Grace to you!
I love Matthew, the apostle. I love him because he was a sinner. I love him because he was open to grace. I love him for in him and in his call to be a disciple of Jesus Christ, the true message of salvation is made manifest.
Matthew didn’t seek Jesus out. Jesus sought him out. The Lord offered the publican an opportunity of grace and relationship while he was at his place of work, in the tax office, the custom duty post.
The young man from Galilee, Matthew, didn't hesitate to leave behind the easy money of a tax collection post, sort of a money minting business, and follow the itinerant preacher of Nazareth. I love him because of his simple devotion and trust in the invitation of God. I love him because he saw salvation as more important than economic gains. Public rejection of his identity wouldn’t stop him either.
As a Jew, it must have been a difficult life to be a tax collector. The public had labeled him a public sinner. He was classified with the gentiles among those damned for life. Maybe this opened him for prompt response to divine invitation.
Notice that those who are aware of their weaknesses are more prone to divine invitation. They are the ones who actually celebrate it and make a feast of their conversion.
We read that Matthew hosted Jesus and numerous other public sinners in his house. The holier-than-though Pharisees criticized this gesture too. It was considered inappropriate and actually sinful to share a table with sinners, at least public sinners. Divine visitation was rejected because it seemed to seek and find the sinner. What an irony.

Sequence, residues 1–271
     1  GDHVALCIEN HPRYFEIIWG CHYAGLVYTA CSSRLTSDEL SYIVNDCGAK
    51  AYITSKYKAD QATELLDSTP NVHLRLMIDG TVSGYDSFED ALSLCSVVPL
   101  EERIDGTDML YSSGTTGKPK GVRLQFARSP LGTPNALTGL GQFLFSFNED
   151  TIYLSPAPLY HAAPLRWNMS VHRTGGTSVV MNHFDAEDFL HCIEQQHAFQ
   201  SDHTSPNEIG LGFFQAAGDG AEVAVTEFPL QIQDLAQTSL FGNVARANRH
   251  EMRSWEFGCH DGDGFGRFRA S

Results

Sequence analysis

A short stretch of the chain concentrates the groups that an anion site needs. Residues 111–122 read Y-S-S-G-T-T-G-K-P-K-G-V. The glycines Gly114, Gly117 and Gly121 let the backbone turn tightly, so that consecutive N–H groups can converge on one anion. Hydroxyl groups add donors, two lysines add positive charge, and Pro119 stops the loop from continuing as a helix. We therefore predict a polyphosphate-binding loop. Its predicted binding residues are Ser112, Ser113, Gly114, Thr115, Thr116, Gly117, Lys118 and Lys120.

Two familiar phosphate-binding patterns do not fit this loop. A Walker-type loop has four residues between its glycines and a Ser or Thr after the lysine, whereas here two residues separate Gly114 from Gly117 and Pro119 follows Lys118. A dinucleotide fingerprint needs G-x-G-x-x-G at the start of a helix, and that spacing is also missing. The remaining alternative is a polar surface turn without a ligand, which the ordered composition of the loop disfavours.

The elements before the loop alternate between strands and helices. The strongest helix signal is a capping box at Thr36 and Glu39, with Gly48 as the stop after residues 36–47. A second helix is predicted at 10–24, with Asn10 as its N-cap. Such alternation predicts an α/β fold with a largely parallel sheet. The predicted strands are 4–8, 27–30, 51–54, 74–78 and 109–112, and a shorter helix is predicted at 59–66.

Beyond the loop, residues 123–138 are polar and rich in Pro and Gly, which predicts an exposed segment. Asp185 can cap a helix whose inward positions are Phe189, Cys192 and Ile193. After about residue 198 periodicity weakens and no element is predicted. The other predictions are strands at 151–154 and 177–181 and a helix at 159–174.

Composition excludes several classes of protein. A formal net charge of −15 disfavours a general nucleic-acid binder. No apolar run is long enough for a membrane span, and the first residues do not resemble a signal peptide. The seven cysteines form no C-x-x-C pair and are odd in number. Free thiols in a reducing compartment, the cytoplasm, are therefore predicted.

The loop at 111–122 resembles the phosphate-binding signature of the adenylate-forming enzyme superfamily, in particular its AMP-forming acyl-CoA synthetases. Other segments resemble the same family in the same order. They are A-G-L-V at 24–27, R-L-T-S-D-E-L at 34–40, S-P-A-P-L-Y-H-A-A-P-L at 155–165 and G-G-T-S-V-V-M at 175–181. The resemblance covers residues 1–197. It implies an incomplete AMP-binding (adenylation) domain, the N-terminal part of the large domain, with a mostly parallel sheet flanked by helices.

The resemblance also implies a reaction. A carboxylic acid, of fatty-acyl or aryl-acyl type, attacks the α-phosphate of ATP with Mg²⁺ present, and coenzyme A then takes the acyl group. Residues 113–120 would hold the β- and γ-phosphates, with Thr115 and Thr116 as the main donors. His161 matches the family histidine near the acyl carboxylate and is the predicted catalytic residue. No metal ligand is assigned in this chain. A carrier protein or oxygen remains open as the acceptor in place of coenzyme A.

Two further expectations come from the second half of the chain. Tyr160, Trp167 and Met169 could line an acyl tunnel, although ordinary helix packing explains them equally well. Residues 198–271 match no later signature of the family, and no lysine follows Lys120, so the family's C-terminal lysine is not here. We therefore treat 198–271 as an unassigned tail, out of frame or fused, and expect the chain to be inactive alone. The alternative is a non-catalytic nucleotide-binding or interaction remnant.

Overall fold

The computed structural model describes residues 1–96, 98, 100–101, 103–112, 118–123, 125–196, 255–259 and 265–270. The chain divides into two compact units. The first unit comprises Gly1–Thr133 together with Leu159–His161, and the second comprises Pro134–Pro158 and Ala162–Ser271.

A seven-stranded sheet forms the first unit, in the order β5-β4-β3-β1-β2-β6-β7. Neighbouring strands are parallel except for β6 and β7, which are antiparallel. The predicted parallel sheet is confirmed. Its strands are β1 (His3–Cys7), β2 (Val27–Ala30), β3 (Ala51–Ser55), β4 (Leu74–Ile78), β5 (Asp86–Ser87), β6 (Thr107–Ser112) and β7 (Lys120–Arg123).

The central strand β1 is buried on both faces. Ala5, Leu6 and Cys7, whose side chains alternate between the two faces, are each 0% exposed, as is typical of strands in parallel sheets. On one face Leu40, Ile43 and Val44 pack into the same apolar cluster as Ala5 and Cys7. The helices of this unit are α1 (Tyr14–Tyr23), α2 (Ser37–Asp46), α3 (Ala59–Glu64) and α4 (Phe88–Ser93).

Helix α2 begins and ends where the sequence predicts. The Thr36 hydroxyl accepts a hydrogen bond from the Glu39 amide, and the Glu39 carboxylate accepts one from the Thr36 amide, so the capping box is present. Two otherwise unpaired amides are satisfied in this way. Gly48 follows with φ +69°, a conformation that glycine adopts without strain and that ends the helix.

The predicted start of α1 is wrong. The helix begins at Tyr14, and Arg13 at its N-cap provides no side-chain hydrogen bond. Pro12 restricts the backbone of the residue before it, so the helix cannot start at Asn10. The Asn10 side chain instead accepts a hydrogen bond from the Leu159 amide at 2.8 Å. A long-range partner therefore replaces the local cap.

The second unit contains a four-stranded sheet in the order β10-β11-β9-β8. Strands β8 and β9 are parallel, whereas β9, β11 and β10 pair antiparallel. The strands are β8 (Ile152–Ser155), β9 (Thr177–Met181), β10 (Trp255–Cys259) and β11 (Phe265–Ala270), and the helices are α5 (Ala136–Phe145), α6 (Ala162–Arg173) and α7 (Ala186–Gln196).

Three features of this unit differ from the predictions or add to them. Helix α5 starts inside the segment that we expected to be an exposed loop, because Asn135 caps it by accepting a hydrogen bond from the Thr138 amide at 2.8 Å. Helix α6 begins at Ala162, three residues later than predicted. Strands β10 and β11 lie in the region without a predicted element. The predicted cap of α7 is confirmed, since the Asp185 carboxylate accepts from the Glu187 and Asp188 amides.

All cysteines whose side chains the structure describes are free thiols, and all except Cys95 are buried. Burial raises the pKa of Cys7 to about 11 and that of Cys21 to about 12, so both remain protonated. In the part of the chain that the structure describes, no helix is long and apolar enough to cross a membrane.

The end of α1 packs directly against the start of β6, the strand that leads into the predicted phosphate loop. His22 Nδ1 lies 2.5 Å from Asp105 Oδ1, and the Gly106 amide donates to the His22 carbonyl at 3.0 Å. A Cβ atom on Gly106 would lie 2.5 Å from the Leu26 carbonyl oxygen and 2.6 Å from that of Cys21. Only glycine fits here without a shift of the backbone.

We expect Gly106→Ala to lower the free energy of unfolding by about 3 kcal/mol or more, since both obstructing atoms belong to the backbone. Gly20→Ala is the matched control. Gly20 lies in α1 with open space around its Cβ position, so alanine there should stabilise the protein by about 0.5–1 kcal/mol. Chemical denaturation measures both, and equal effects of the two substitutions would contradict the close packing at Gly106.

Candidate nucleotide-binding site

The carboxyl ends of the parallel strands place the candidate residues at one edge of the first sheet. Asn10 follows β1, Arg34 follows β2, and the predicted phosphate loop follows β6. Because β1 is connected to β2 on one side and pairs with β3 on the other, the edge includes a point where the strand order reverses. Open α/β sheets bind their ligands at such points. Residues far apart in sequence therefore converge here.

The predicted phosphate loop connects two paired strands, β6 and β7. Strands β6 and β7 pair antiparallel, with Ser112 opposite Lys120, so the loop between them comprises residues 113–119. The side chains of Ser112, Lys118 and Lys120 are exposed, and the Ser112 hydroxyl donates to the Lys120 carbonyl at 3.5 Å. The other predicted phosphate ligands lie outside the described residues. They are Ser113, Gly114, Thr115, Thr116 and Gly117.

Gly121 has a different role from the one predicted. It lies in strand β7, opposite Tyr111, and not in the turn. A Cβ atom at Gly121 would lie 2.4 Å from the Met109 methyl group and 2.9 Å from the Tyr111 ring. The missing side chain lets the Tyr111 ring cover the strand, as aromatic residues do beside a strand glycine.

In this instance, the Lord is showing us something more profound. Sinners are his best friends and for sinners he came. By being at the table with him, we are healed and renewed.
Hear the Lord’s response to his critics: “Those who are well do not need a physician, but the sick do. Go and learn the meaning of the words, I desire mercy, not sacrifice. I did not come to call the righteous but sinners” (Mt 9:12-13).
It’s interesting that of all the apostles, it was Matthew who took it as a duty to write a Gospel, proving to his fellow Jewish brothers and sisters that Jesus is the Messiah. The Gospel of Matthew was written to the Jews. The sinner has become the preacher of grace himself. To God be the glory. Amen.
I pray that through the life and calling of Matthew, we, sinners, may discover the true joy of responding to the call of Grace. Amen.
Saint Matthew the Evangelist, pray for us. Amen
God love you. God bless you.
Fr. Maurice Emelu
[Feast of Saint Mathew, Apostle and Evangelist: Eph 4:1-7, 11-13; Mt 9:9-13]
Author and Goal
Father Maurice Emelu PhD., provides a daily blog of reflections based on the Scriptural readings of the day from the Catholic liturgical calendar. The goal is to teach, inspire, encourage, and foster healing through the grace of God's word. They are written in a language that is appropriate for a general audience. You will find these reflections helpful for your spiritual growth, inspiration, and developing your thoughts. They may also be useful for ministers in preparing their sermons for liturgical celebrations.